I’ll even try to support our classroom teachers by posting the students’ weekly spelling words in the gym. I have them warm up with a jump rope, with every jump being a letter in their spelling list, or every dribble of a ball, or cradle of a lacrosse stick being a letter in a word. Now students can see how exercise can help their brains learn and remember things that they need to know; in this case, their spelling words!
When our building scheduled allows, we open up our DDR and Just Dance equipment during daily recess. This attracts the kids who don’t choose to move around at recess. Especially during the winter months up here in Central New York, we get kids moving who don’t want to go outside at all. They realize that no one is looking at them because everyone is focused on the game on the screen. We cheer for each other when someone breaks their own record. They use a pedometer to add up their steps and earn small foot tokens for accumulating certain increments of steps.
I’ve had discussions with many people about using technology in a physical education setting. I view technology is just a tool to consider using. If it can help my kids learn what it is that they need to know from my class, then I’ll use it. If not, I simply won’t use it. I want them as active as possible, but I also want them learning as much as possible.
I feel that trying to increase activity time just to be able to say my students are more active, but not organizing the kinds of activities that lead to learning is counter-productive. In fact, it hinders my kids’ chances to join that elusive “50 Million Strong” club. That’s why I feel it’s important to take a moment or two each lesson to use a heart rate monitor, or record steps from a pedometer. Doing this makes each child’s efforts more real and understandable to them. They start discovering things like how much is enough exercise and places where they can add activity into their days.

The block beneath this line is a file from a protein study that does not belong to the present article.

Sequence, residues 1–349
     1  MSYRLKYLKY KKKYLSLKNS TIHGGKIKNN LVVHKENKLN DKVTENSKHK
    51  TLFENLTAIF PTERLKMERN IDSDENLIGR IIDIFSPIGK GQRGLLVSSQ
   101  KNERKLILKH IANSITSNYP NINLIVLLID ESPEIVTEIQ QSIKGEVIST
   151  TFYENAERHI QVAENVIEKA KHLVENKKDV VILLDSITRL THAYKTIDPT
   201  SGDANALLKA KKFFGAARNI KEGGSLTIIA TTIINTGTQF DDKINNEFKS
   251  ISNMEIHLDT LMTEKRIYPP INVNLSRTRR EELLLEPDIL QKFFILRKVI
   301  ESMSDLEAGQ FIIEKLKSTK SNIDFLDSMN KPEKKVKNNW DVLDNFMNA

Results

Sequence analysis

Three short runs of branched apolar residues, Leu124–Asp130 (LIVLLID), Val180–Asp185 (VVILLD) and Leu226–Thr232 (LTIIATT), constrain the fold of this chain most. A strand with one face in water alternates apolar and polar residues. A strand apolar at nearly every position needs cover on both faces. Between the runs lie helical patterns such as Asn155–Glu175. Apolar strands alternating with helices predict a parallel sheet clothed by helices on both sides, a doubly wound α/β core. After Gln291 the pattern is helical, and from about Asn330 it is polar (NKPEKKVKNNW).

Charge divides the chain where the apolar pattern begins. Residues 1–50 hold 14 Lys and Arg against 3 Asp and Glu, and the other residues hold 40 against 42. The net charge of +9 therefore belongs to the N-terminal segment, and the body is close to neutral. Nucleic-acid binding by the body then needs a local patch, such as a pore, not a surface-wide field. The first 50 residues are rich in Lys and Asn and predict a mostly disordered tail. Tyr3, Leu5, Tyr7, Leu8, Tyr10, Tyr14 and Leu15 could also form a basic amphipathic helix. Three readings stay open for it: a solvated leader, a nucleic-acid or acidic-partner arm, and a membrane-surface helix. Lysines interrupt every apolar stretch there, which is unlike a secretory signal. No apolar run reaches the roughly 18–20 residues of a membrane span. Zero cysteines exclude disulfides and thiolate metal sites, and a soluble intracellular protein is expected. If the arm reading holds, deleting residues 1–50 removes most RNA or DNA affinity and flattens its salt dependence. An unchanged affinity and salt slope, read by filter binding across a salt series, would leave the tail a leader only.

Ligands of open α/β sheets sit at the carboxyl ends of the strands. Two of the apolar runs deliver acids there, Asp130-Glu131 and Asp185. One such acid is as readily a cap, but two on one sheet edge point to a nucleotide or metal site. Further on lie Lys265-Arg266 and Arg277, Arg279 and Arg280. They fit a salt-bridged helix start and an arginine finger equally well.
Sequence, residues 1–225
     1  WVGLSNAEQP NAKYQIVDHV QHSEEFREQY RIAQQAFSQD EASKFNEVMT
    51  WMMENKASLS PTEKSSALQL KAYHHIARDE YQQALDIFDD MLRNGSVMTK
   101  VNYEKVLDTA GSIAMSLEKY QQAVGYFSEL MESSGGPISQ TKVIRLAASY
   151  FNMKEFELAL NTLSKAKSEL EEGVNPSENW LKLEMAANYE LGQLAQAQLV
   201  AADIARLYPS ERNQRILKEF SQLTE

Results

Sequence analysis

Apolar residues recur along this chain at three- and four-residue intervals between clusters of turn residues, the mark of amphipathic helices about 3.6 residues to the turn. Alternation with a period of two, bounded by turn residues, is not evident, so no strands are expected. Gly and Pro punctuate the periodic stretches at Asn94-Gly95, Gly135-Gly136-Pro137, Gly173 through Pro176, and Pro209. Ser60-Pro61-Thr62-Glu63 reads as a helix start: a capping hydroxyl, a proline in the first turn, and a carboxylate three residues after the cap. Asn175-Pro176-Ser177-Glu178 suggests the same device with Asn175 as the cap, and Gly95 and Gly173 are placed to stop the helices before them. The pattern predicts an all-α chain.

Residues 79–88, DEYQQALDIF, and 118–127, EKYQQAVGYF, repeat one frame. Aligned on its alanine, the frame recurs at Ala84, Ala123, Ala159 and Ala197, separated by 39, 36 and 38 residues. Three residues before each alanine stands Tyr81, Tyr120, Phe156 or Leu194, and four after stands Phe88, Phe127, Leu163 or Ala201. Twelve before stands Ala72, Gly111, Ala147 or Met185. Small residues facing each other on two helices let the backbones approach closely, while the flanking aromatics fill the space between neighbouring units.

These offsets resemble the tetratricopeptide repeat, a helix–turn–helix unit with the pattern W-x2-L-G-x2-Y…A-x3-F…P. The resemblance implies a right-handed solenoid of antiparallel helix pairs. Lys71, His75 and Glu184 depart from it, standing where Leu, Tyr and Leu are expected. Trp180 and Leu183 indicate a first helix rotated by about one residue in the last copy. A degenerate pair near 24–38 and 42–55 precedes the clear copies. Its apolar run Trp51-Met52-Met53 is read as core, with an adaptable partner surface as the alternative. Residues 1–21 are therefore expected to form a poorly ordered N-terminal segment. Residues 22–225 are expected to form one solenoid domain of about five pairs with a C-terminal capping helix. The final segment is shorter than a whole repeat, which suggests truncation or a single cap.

I do want my students to be active as much as possible especially in the short term. Being healthy and strong are always good things! But for the long term I also want my students to understand the whys behind all this good stuff. I want to create an environment where they all want to return to a safe place where competition is primarily focused on improving on their previous efforts rather than against someone else’s performance.
I also want to create a culture of physical activity in my building where exercise is not conveniently placed in the building’s master schedule two to three times a week for 40 minutes. I want students to learn that being sweaty is not gross; they are “sweat trophies” after all! And I work hard to make sure that both our staff and our students see exercise as something they can enjoy and that it helps them do what they need to do in school every day.
If the goal of the 50 Million Strong commitment is to get our kids active for a lifetime, I feel we must show them that exercise and physical activity isn’t limited to a convenient block in our daily school schedule. Being physically active and healthy is something that will help all students to reach their life goals. Showing them how and why to exercise during our scheduled PE time is good but it’s not enough. What’s really important, is showing students the value of committing to an active and healthy lifestyle. And to me, that’s what 50 Million Strong is all about.